Search anything and hit enter
  • Teams
  • Members
  • Projects
  • Events
  • Calls
  • Jobs
  • publications
  • Software
  • Tools
  • Network
  • Equipment

A little guide for advanced search:

  • Tip 1. You can use quotes "" to search for an exact expression.
    Example: "cell division"
  • Tip 2. You can use + symbol to restrict results containing all words.
    Example: +cell +stem
  • Tip 3. You can use + and - symbols to force inclusion or exclusion of specific words.
    Example: +cell -stem
e.g. searching for members in projects tagged cancer
Search for
Count
IN
OUT
Content 1
  • member
  • team
  • department
  • center
  • program_project
  • nrc
  • whocc
  • project
  • software
  • tool
  • patent
  • Administrative Staff
  • Assistant Professor
  • Associate Professor
  • Clinical Research Assistant
  • Full Professor
  • Graduate Student
  • Lab assistant
  • Non-permanent Researcher
  • Permanent Researcher
  • Pharmacist
  • PhD Student
  • Physician
  • Post-doc
  • Project Manager
  • Research Associate
  • Research Engineer
  • Retired scientist
  • Technician
  • Undergraduate Student
  • Veterinary
  • Visiting Scientist
  • Deputy Director of Center
  • Deputy Director of Department
  • Deputy Director of National Reference Center
  • Deputy Head of Facility
  • Director of Center
  • Director of Department
  • Director of Institute
  • Director of National Reference Center
  • Group Leader
  • Head of Facility
  • Head of Operations
  • Head of Structure
  • Honorary President of the Departement
  • Labex Coordinator
Content 2
  • member
  • team
  • department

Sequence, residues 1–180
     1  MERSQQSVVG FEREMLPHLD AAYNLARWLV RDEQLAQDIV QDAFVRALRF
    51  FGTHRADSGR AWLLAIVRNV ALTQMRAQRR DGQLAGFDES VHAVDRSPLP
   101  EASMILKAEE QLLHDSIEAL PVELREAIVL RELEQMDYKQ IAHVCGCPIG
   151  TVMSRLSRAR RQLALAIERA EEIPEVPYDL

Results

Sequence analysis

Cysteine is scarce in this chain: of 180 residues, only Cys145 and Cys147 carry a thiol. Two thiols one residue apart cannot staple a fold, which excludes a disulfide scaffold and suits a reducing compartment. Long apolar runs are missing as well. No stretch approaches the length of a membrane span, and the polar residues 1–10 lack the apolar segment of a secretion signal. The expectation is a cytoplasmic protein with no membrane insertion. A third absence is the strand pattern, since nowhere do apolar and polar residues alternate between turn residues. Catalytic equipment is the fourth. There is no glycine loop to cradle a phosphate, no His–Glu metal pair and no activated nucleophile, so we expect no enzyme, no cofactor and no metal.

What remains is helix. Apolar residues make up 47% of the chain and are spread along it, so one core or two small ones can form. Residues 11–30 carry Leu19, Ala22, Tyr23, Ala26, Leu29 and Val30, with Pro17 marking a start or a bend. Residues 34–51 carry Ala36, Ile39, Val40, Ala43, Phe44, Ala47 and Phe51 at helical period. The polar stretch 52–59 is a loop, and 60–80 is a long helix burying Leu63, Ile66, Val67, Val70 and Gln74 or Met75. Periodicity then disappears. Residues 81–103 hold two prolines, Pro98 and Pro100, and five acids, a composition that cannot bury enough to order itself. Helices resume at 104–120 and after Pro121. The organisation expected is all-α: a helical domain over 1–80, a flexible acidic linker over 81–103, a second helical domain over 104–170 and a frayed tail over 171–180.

• center
  • program_project
  • nrc
  • whocc
  • project
  • software
  • tool
  • patent
  • Administrative Staff
  • Assistant Professor
  • Associate Professor
  • Clinical Research Assistant
  • Full Professor
  • Graduate Student
  • Lab assistant
  • Non-permanent Researcher
  • Permanent Researcher
  • Pharmacist
  • PhD Student
  • Physician
  • Post-doc
  • Project Manager
  • Research Associate
  • Research Engineer
  • Retired scientist
  • Technician
  • Undergraduate Student
  • Veterinary
  • Visiting Scientist
  • Deputy Director of Center
  • Deputy Director of Department
  • Deputy Director of National Reference Center
  • Deputy Head of Facility
  • Director of Center
  • Director of Department
  • Director of Institute
  • Director of National Reference Center
  • Group Leader
  • Head of Facility
  • Head of Operations
  • Head of Structure
  • Honorary President of the Departement
  • Labex Coordinator
Search
Go back
Scroll to top
Share
© Melanie Blokesch, EPFL
Flagellated Vibrio cholerae
Publication : Journal of bacteriology

Bias between the left and right inverted repeats during IS911 targeted insertion

Scientific Fields
Diseases
Organisms
Applications
Technique

Published in Journal of bacteriology - 27 Jun 2008

Rousseau P, Loot C, Turlan C, Nolivos S, Chandler M

Link to Pubmed [PMID] – 18586933

J. Bacteriol. 2008 Sep;190(18):6111-8

IS911 is a bacterial insertion sequence composed of two consecutive overlapping open reading frames (ORFs [orfA and orfB]) encoding the transposase (OrfAB) as well as a regulatory protein (OrfA). These ORFs are bordered by terminal left and right inverted repeats (IRL and IRR, respectively) with several differences in nucleotide sequence. IS911 transposition is asymmetric: each end is cleaved on one strand to generate a free 3′-OH, which is then used as the nucleophile in attacking the opposite insertion sequence (IS) end to generate a free IS circle. This will be inserted into a new target site. We show here that the ends exhibit functional differences which, in vivo, may favor the use of one compared to the other during transposition. Electromobility shift assays showed that a truncated form of the transposase [OrfAB(1-149)] exhibits higher affinity for IRR than for IRL. While there was no detectable difference in IR activities during the early steps of transposition, IRR was more efficient during the final insertion steps. We show here that the differential activities between the two IRs correlate with the different affinities of OrfAB(1-149) for the IRs during assembly of the nucleoprotein complexes leading to transposition. We conclude that the two inverted repeats are not equivalent during IS911 transposition and that this asymmetry may intervene to determine the ordered assembly of the different protein-DNA complexes involved in the reaction.

http://www.ncbi.nlm.nih.gov/pubmed/18586933